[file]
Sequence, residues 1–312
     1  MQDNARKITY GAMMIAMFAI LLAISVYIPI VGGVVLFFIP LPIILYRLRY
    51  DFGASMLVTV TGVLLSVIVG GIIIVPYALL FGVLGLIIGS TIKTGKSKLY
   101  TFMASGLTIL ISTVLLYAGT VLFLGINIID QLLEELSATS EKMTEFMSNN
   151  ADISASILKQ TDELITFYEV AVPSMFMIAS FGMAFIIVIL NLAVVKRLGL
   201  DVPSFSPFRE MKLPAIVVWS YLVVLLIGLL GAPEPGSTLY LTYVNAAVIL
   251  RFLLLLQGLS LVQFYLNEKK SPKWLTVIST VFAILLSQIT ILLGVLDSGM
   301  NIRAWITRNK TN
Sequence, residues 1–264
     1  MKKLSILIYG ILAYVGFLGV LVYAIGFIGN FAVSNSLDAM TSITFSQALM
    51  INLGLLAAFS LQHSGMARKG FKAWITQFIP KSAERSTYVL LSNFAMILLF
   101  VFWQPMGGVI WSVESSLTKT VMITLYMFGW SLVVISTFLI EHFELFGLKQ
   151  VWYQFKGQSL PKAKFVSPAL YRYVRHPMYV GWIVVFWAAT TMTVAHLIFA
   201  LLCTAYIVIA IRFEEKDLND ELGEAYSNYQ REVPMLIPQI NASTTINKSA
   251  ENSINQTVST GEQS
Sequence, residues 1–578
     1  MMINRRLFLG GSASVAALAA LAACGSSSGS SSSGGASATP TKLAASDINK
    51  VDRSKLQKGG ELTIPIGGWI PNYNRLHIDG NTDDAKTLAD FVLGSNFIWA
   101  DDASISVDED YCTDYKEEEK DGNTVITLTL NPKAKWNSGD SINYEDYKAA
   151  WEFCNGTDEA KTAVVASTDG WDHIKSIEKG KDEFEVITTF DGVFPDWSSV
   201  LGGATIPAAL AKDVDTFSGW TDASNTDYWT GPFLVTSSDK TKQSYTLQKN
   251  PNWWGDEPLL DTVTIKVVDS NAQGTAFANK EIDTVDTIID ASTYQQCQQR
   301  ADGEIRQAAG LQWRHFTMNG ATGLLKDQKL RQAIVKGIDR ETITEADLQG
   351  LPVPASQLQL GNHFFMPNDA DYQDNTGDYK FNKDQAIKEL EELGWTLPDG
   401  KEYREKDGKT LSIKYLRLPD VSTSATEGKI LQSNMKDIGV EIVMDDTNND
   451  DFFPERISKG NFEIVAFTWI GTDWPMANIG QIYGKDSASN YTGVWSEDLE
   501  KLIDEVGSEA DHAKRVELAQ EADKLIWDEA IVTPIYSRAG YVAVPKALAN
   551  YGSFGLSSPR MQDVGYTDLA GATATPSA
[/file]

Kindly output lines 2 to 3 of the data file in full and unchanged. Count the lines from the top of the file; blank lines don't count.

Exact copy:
     1  MQDNARKITY GAMMIAMFAI LLAISVYIPI VGGVVLFFIP LPIILYRLRY
    51  DFGASMLVTV TGVLLSVIVG GIIIVPYALL FGVLGLIIGS TIKTGKSKLY